Featured Challenger Series Competitor: Matty Zbyszewski

Rosters have been released and WOW are we excited to kick off Challenger Event #1. The talent competing on the courts this Saturday is pretty special, and for our last Feature Friday, we wanted to highlight an amazing player who will be back in action on the volleyball courts. Matty Zbyszewski completed his University career at IPFW, where he was recognized as a 1st Team All-American and MIVA Player of the Year. He went on to compete professionally for 3 years, before officially moving to the beach and joining the Canadian Beach National Team. A 2-time Men's Beach National Champion and amazing athlete both on the court and in the sand, we are thrilled to have Matty competing in our 1st Challenger Series tournament. Learn more about Matty's career below, and don't miss his return to the courts this Saturday at Toronto Pan Am Sports Centre.

Photo by Wayne Mah - taken at the 2010 Vancouver Open with Josh Binstock


Club: Toronto West
University: IPFW 2000-2005
Professional: Greece, Cyrpus, Spain 2005-2008
National Team: Indoor – 2004, Beach 2006-2012/13


When you look back on your career, what is your most cherished memory of competing?

First match back after my 2nd ACL reconstruction. It was nerve wrecking, scary and exhilarating all at the same time.

Did your indoor and beach volleyball careers overlap, and what inspired you to make the switch to beach?

Yes they did. I always used beach as a summer cross training activity however never took it seriously. 2007 was the first year I was able to compete at beach nationals and lost a tight final to Mark Heese and Ahren Cadieux. That inspired me to consider beach volleyball in my future. The following year, while playing in Spain, I received a call asking if I would like to join the beach national team. Considering my health, I decided it was a good time to hang up the sneakers and give beach a shot.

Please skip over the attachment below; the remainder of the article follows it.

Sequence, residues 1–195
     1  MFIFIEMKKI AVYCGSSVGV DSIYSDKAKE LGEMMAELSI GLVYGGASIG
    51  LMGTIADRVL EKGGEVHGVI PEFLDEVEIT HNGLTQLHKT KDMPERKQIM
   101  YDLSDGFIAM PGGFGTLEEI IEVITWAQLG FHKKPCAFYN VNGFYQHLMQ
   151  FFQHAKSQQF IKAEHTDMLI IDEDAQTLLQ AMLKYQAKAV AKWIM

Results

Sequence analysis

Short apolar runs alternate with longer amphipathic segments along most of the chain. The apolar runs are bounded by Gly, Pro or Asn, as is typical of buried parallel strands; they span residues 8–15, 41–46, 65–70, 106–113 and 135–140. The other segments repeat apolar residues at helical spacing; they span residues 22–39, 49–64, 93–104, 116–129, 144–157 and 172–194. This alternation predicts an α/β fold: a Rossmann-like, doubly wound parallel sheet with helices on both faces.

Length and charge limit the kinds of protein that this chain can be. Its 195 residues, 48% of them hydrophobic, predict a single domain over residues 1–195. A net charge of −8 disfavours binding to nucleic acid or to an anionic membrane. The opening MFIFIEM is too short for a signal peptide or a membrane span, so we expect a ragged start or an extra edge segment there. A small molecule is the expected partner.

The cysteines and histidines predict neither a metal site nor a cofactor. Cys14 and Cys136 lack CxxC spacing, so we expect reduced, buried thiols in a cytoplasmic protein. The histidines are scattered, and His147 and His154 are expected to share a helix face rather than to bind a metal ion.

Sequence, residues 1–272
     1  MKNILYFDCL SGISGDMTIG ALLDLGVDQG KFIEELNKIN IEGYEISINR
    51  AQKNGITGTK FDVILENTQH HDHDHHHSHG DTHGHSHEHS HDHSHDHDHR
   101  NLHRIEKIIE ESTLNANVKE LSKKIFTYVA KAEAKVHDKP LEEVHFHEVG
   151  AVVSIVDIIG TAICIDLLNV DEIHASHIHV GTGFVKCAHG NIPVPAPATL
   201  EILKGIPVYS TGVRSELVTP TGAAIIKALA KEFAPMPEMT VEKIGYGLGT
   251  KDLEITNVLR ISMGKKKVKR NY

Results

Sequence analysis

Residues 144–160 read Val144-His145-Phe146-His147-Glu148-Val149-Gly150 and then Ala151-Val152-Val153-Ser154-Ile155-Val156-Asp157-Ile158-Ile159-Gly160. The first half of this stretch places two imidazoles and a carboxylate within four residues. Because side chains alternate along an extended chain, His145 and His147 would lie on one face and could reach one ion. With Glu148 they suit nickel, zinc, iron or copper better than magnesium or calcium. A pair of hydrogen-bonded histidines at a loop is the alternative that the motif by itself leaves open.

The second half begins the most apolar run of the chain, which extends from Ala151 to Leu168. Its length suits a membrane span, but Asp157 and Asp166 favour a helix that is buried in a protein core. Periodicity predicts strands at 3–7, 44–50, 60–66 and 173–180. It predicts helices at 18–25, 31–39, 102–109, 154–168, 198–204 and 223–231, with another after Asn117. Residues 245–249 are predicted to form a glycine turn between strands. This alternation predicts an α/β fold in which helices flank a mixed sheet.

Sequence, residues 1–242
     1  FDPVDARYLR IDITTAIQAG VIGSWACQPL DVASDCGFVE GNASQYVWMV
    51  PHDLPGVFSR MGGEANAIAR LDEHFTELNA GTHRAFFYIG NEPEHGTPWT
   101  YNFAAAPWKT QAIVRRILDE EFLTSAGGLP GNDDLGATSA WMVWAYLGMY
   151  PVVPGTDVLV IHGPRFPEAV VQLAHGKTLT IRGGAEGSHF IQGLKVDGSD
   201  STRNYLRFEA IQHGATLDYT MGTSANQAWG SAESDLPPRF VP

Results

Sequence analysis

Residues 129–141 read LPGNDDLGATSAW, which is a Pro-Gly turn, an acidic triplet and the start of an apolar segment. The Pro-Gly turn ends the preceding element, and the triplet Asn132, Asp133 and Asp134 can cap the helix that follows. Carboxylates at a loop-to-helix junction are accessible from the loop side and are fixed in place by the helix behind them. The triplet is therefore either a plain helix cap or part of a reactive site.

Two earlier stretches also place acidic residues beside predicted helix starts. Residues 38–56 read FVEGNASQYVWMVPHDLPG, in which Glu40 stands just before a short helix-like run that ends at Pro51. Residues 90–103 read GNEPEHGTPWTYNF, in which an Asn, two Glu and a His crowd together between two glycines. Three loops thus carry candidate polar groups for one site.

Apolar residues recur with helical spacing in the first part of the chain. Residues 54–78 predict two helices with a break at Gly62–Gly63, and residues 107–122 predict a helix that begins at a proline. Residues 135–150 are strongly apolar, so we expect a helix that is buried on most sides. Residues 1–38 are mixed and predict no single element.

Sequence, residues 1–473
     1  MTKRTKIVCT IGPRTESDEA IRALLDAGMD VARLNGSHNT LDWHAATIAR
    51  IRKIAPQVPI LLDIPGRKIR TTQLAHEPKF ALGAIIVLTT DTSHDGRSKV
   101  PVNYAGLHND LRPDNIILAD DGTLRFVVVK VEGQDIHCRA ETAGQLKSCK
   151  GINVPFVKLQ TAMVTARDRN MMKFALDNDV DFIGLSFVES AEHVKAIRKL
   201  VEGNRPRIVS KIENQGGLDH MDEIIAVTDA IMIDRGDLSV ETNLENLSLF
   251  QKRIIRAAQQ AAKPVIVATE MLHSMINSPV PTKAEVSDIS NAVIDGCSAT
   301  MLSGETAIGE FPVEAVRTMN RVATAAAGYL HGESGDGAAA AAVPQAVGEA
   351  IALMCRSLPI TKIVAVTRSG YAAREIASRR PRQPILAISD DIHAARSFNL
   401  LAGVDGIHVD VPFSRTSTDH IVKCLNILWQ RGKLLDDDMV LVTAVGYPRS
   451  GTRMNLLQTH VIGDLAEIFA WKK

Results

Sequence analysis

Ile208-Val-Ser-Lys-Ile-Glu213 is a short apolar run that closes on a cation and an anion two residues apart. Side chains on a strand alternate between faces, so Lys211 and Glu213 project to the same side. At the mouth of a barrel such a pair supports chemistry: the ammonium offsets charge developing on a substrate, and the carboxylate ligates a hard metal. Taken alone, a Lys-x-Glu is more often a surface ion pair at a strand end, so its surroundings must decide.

What is the biggest difference competing internationally for indoor vs beach? Do you have a preference?

First and foremost, biggest difference is expectation. Indoors, I was paid to perform. Not only do you have to put up points, but the biggest expectation is that the team wins. When you win, everyone is happy, when you lose payments start getting delayed. When your performance suffers you get fired. It’s really mentally exhausting. On the beach, the expectations are yours and yours alone. My preference was always for indoor volleyball. The only reason I stopped playing was from the toll it took on my body. After 5 surgeries, my knees said enough is enough. That said, it was always hard for me to replicate the passion, emotions, swagger I had playing indoors, on the beach.

What was the last tournament or competition you competed in?

Probably some beach tournament. As for indoor, I’ve played a few indoor games over the years but the last true competition was my last pro match in Spain in 2008.

What inspired you to play in ONE Volleyball’s first Challenger Series Tournament?

I came out to play in a mens league night a month ago or so and really got the itch back. Though physically I'm not where I want to be, the fire hasn’t died down one bit.

For athletes who are close to retirement, what is the best advice you would give them for making the transition from life as a professional athlete?

This is probably the hardest thing to figure out. Everyone’s journey is different and everyone needs to discover their own path. The fire does go out in some, making the transition easier, in other it burns on. It has taken me years to transition, yet my mind still feels like I can do it. My biggest outlets have been my family and coaching.

Is there anything else about your career or your involvement in volleyball now that you would like to share?

Volleyball has been such a huge part of my life. I’ve met most of my best friends through volleyball. I met my life partner and have 2 amazing little girls, through volleyball. I had some amazing mentors through out my career who helped to shape me into a great player and hopefully a better person, and I hope I can reciprocate that as a coach to the younger generations of volleyball players in Canada.